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History Reads Book Club- High-Risers: Cabrini-Green and the Fate of American Public Housing

Tuesday, May 3
Starts at 7:00 PM

McLean County Museum of History
200 N. Main St, Bloomington IL 61701

History Reads Book Club- High-Risers: Cabrini-Green and the Fate of American Public Housing

All avid readers are welcome to join the Museum and Bloomington Public Library on Tuesday, May 3 at 7:00 p.m. for the second installment of
the History Reads Book Club for 2022. This hybrid discussion will be held in the Governor Fifer Courtroom at the McLean County Museum of History and online via Zoom to discuss High-Risers: Cabrini-Green and the Fate of American Public Housing by Ben Austen. Visit https://bit.ly/bplhistoryvirtual522 to register for the online discussion or bit.ly/bplhistoryinperson522 to participate in person.

Joining the ranks of Evicted, The Warmth of Other Suns, and classic works of literary non-fiction by Alex Kotlowitz and J. Anthony Lukas, High-Risers braids personal narratives, city politics, and national history to tell the timely and epic story of Chicago’s Cabrini-Green, America’s most iconic public housing project.

Built in the 1940s atop an infamous Italian slum, Cabrini-Green grew to twenty-three towers and a population of 20,000—all of it packed onto just seventy acres a few blocks from Chicago’s ritzy Gold Coast. Cabrini-Green became synonymous with crime, squalor, and the failure of government. For the many who lived there, it was also a much-needed resource—it was home. By 2011, every high-rise had been razed, the island of black poverty engulfed by the white affluence around it, the families dispersed.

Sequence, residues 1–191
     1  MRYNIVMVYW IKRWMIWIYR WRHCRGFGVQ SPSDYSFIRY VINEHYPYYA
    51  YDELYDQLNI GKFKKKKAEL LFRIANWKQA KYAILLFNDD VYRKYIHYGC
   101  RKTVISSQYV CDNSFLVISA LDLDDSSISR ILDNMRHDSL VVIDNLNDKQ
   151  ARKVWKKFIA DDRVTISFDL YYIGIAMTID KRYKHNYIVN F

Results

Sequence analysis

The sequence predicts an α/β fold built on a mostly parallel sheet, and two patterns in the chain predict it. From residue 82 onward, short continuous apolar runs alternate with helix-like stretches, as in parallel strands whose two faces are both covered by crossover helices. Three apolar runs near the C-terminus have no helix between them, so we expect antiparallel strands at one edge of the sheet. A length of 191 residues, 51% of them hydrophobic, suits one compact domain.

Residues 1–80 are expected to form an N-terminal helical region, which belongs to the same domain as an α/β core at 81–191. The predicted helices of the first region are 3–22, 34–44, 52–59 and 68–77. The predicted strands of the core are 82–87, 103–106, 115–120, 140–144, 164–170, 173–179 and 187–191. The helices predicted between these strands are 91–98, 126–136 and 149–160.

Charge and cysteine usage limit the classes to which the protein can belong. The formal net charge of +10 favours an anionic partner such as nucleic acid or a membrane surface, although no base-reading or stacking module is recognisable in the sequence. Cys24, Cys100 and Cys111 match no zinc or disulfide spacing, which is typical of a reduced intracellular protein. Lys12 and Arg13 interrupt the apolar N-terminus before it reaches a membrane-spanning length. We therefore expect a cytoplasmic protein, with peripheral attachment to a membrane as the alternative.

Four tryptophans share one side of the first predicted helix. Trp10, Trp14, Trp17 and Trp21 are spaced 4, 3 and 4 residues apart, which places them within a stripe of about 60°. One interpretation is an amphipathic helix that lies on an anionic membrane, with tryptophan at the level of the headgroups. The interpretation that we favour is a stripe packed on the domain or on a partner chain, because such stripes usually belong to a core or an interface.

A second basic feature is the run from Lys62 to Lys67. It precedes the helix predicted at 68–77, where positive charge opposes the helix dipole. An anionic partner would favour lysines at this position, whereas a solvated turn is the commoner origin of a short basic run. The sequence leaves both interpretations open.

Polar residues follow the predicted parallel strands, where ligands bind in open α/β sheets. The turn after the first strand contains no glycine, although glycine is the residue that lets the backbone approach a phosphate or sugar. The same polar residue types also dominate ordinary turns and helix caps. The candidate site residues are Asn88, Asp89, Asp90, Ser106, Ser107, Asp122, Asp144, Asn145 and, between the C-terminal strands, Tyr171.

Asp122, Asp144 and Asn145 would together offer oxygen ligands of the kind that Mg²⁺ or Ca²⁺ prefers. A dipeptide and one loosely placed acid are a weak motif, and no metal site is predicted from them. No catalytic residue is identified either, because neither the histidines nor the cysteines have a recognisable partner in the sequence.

In this novelistic and eye-opening narrative, Ben Austen tells the story of America’s public housing experiment and the changing fortunes of American cities. It is an account told movingly through the lives of residents who struggled to make a home for their families as powerful forces converged to accelerate the housing complex’s demise. Beautifully written, rich in detail, and full of moving portraits, High-Risers is a sweeping exploration of race, class, popular culture, and politics in modern America that brilliantly considers what went wrong in our nation’s effort to provide affordable housing to the poor—and what we can learn from those mistakes.

To request a copy of the book, please contact the Reference Desk at Bloomington Public library at 309-590-6168 or email reference@bloomingtonlibrary.org.